Business

Bellingham brewery getting into cans, bottles

eabell@bhamherald.com

A small Bellingham brewing company started off small, but is ready to take the next step.

Structures Brewing is celebrating its first year in business Dec. 2-3 by releasing two beer packages: one bottled and one canned. The bottled product is a mango-flavored beer. The cans, which will feature an IPA, are a first for the company, said co-founder James Alexander. A portion of the can sales will go toward Whatcom Mountain Bike Coalition.

Alexander and Ryan Miller founded the brewery a year ago with the goal of starting small, focusing on quality and building personal relationships with customers. They had customers try beer at their taproom and sold growlers out of the brewery. Soon they started landing accounts, and the strong tasting-room sales have allowed them to buy beer canning equipment.

Alexander said one thing he tells his customers is that hop-forward beers taste best when fresh. He hopes to sell out the canned beer and that it tastes much different from other beers.

“Hoppy beer is like a rad loaf of sourdough bread,” Alexander said.

The plan for the brewery in 2017 is to have a can and bottle release each month. This will involve the introduction of Fuzz, its flagship beer. The cans will be sold out of Structures’ taproom. More Structures beer will also be showing up at other local establishments, including Elizabeth Station. Structures also plans on having a food truck parked in front of its taproom at 1420 N. State St. for much of 2017.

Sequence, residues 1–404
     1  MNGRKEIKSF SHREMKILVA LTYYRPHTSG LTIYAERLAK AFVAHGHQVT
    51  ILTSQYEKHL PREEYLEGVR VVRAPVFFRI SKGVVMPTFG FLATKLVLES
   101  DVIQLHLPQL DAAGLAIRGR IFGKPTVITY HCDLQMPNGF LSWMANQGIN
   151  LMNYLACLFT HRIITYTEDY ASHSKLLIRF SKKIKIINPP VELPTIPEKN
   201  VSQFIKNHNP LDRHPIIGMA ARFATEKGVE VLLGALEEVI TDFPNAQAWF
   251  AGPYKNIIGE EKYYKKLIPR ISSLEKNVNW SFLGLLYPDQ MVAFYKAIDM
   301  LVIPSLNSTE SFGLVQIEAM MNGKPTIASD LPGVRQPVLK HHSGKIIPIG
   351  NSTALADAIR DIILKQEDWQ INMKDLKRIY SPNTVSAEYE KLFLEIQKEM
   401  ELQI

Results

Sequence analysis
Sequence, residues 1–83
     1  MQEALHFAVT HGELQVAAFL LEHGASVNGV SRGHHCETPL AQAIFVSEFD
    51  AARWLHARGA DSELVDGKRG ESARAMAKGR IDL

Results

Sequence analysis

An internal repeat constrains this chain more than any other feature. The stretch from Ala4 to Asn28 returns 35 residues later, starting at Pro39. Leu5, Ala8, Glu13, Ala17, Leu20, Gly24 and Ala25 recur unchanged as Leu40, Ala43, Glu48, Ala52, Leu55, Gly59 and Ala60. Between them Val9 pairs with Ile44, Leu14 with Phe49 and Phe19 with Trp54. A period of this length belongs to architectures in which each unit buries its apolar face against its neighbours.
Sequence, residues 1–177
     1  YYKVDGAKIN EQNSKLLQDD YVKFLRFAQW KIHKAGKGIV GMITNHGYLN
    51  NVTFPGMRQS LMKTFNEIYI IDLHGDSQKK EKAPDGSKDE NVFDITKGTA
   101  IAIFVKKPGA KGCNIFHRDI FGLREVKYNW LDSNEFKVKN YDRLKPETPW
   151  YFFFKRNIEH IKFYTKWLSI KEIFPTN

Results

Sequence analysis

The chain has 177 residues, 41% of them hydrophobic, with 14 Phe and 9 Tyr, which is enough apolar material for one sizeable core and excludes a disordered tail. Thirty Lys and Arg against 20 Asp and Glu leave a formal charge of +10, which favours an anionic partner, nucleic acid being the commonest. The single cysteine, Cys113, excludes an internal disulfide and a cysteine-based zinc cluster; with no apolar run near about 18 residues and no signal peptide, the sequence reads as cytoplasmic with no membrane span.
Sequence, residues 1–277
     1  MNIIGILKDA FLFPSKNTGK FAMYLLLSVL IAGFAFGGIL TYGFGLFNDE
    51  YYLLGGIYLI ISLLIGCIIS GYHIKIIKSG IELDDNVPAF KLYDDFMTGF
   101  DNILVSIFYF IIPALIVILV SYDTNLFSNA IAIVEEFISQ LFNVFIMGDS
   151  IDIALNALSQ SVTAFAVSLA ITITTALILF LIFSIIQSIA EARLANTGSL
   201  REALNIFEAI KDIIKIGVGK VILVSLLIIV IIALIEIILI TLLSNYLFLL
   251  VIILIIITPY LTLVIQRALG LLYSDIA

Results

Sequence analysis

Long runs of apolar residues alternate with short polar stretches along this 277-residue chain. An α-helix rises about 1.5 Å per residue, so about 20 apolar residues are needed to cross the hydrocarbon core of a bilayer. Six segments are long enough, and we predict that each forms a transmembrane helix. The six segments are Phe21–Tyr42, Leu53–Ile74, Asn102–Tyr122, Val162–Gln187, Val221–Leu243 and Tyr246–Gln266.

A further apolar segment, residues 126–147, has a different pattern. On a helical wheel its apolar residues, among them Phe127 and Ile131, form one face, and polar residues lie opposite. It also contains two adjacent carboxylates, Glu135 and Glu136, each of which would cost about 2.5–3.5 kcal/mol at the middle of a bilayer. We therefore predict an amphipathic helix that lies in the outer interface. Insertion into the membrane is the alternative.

For details and updates on Structures, visit its Facebook page.

WHAT CYBER MONDAY MEANS LOCALLY

With Black Friday out of the way, next up is Cyber Monday, something that has presented a challenge to local brick-and-mortar stores for years.

The Nov. 28 event is not as big a deal as it used to because online stores have opted to offer deals throughout the holiday season, said Dev Shapiro of Gottadeal.com, which tracks retail sales. However, online sales in general continue to take a bigger bite out of local store sales. What do online sales mean for sales tax revenue for cities like Bellingham?

It’s hard to tell, but they do have some impact, said Brian Henshaw, finance director at the city.

With sales tax destination-based, the city should get revenue from things that are delivered here. That’s the way it works for the big sites like Amazon.com, which collects the tax at the time of purchase. A smaller website based outside Washington may or may not be collecting that tax.

“It’s hard to tell how many are actually doing it,” Henshaw said. “We do know the big companies are doing it.”

So far this year retail sales revenue for the city has been solid, but a bigger part of it has resulted from a busy construction season. Revenue from stores, particularly big box stores, is down. How much of that is from the dip in cross-border shopping vs. the growth of online shopping probably depends on the individual store and its target customers.

OTHER TIDBITS

ACME Farms + Kitchen is opening a holiday pop-up store at 1230 Cornwall Ave., in The Leopold building. The shop will offer gift boxes featuring locally sourced foods and treats, according to a company news release. Some items will come from San Juan Sea Salt, Moon Valley Organic and Flying Bird Botanicals. Regular days of operation through Dec. 23 are 10 a.m. to 5 p.m. Thursdays and Fridays, 10 a.m. to 4 p.m. on Saturdays. Details can be found on its Facebook page. ... Bellis Fair also includes a variety of holiday pop-up stores this season, including See’s Candies, Hickory Farms, Emoji Pillows, Pillow Pets, LED Shoes and RC Toys.

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